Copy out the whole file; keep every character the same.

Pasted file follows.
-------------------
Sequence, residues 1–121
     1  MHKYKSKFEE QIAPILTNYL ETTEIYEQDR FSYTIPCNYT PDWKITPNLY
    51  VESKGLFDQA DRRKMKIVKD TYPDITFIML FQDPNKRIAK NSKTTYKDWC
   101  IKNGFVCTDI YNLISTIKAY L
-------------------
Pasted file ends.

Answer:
Sequence, residues 1–121
     1  MHKYKSKFEE QIAPILTNYL ETTEIYEQDR FSYTIPCNYT PDWKITPNLY
    51  VESKGLFDQA DRRKMKIVKD TYPDITFIML FQDPNKRIAK NSKTTYKDWC
   101  IKNGFVCTDI YNLISTIKAY L